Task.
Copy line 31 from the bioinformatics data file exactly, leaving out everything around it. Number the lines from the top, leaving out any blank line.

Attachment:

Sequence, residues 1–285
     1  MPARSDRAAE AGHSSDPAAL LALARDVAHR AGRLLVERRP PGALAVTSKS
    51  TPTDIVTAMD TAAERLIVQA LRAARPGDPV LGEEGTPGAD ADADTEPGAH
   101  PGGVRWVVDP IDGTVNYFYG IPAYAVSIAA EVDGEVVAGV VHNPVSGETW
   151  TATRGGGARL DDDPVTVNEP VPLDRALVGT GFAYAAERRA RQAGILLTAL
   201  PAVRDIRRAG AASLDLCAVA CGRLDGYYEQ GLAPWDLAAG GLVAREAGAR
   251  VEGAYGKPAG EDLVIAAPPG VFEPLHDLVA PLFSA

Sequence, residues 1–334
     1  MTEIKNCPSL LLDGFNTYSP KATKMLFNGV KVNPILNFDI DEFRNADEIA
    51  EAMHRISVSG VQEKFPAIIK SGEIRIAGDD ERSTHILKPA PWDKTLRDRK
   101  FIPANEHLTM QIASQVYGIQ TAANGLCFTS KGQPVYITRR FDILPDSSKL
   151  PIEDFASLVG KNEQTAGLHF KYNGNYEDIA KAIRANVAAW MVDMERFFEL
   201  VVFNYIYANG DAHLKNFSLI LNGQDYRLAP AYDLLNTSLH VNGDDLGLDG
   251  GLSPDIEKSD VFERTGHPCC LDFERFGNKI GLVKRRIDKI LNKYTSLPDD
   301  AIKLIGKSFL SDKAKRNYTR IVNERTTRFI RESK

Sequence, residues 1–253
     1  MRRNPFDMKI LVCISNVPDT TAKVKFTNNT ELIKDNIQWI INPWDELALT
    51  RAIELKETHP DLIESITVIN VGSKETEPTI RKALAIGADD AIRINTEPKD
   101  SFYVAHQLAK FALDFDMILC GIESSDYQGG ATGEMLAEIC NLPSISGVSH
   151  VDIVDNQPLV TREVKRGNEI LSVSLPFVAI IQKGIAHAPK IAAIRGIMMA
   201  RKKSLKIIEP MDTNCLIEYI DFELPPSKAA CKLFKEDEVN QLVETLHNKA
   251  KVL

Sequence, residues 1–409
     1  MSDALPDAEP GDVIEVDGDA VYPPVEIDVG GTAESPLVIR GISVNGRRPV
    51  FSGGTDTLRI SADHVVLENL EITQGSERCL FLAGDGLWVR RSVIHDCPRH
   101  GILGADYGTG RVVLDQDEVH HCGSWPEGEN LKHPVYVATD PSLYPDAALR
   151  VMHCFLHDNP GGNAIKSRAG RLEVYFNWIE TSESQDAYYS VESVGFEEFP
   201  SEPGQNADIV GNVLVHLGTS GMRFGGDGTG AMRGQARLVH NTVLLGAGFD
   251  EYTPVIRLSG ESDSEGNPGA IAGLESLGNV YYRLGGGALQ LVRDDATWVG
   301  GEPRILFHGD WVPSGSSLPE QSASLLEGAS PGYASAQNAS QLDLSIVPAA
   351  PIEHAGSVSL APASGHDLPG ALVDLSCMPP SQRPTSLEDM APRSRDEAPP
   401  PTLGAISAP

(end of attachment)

   351  PIEHAGSVSL APASGHDLPG ALVDLSCMPP SQRPTSLEDM APRSRDEAPP